Colin Jackson dominated sprint hurdling for over a decade.
At his peak, the Welshman was untouchable.
Quick off the blocks and an expert ‘on the dip’, during races, he was aggressive onto the hurdles and balletic between them.
He was double World Champion, four-time European Champion, twice Commonwealth Champion, and competed at four Olympics, winning silver at Seoul 1988. Over the 60m hurdles, no-one has ever gone faster.
Not bad for someone who considered himself ‘naturally more talented’ at table tennis, whose first event was the decathlon, and who later wanted to do long jump.
But athletics was very much his calling.
After catching the eye by winning Olympic 110m hurdles silver in 1988, as a fleet-footed starlet, he won his first major gold at the European Indoor Championships in the Hague.
Jackson’s performance in the Netherlands was an eye-catching display of trademark speed and graceful co-ordination.
He qualified quickest of all the athletes in his heat, as well as leading the way in the semi-finals, with times of 7.66 and 7.53 respectively.
Jackson lined up against then reigning champion Ales Hoffer of Czechoslovakia, as well as young German Florian Schwarthoff, who would go on to win Olympic bronze in 1996.
But leaving the rest trailing in his wake, he powered clear to win in 7.59 ahead of East Germany’s Holger Pohland and Frenchman Philippe Tourret.
This kickstarted a hugely successful career entering the 1992 Barcelona Olympics as favourite for the 110-metre hurdles, having won 110m Commonwealth and European gold in 1990.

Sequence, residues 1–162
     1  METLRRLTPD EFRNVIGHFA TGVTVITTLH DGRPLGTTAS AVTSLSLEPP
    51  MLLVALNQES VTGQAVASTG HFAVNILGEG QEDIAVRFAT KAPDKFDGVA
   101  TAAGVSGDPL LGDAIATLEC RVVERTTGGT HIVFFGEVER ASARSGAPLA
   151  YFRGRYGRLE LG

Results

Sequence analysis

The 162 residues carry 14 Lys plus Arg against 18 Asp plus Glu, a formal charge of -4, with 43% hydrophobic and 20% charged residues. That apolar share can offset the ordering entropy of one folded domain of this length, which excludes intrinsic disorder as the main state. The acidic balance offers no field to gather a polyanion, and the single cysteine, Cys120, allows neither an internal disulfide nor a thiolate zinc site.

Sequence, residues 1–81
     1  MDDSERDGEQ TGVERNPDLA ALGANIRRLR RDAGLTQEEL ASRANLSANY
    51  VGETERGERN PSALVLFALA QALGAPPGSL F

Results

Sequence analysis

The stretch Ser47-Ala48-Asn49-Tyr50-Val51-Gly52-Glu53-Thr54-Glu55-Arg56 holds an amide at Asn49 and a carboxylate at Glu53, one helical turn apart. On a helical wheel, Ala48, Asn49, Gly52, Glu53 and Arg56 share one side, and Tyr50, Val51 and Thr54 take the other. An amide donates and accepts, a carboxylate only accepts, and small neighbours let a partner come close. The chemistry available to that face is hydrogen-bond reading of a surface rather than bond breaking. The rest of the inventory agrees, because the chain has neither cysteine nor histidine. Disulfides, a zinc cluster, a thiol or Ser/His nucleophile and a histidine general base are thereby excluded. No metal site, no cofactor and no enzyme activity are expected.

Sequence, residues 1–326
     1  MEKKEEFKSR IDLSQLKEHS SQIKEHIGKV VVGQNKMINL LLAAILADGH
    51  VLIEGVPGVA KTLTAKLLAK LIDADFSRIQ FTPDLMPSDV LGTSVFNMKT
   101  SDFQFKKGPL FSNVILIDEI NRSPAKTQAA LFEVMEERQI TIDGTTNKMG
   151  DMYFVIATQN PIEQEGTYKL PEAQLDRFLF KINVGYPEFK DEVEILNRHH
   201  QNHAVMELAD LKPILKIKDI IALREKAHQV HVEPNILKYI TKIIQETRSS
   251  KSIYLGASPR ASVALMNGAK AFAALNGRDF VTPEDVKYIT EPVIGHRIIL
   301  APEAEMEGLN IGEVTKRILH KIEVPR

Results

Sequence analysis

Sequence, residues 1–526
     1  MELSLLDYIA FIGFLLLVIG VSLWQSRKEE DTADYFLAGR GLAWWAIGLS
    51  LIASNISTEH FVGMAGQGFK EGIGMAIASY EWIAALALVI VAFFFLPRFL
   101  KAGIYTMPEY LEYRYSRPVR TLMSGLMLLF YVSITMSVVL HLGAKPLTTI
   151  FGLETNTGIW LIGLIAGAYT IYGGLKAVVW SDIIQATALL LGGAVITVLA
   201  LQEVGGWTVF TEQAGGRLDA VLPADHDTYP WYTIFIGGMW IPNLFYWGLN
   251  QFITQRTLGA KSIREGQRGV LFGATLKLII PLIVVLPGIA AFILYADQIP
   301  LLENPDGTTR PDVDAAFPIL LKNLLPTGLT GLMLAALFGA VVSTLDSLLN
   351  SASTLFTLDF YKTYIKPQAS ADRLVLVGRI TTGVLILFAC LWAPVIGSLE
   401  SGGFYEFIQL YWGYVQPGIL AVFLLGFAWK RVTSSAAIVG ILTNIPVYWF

However in the final, hamstrung by injury, he uncharacteristically hit four hurdles before watching training partner Mark McKoy strike gold.
In 1993, he bounced back to become World Champion in Stuttgart, helped the 4×100 relay team to silver and was named IAAF Male Athlete of the Year for good measure.
A week later began the scarcely believable 529-day unbeaten run which saw him claim victory in 44 consecutive races.
During this hot streak, in 1994, he gained double European Indoor Championship gold in Paris, a week earlier running 7.30 in the 60m hurdles in Germany – to this day, the fastest in history.
Jackson pipped Greek Alexandros Terzian to the 60m sprint crown, with fellow Brit Michael Rosswess third, and the following day, he breezed to 60m hudles glory with a searing time of 7.41, well ahead of nearest challenger, Romania’s Gheorghe Boroi (7.57).
Five years later, he became double World Champion, becoming the first Brit to regain a World title, demonstrating what coach Malcolm Arnold called a “natural psychological strength”.
In 2002, he continued his 12-year streak at the Europeans, earning a fourth successive gold, finally hanging up his spikes the following year.
After retiring, Jackson coached several British sportsmen, contributed heavily to the London 2012 Olympic bid and commentates regularly for the BBC.
He was awarded a CBE in 2003.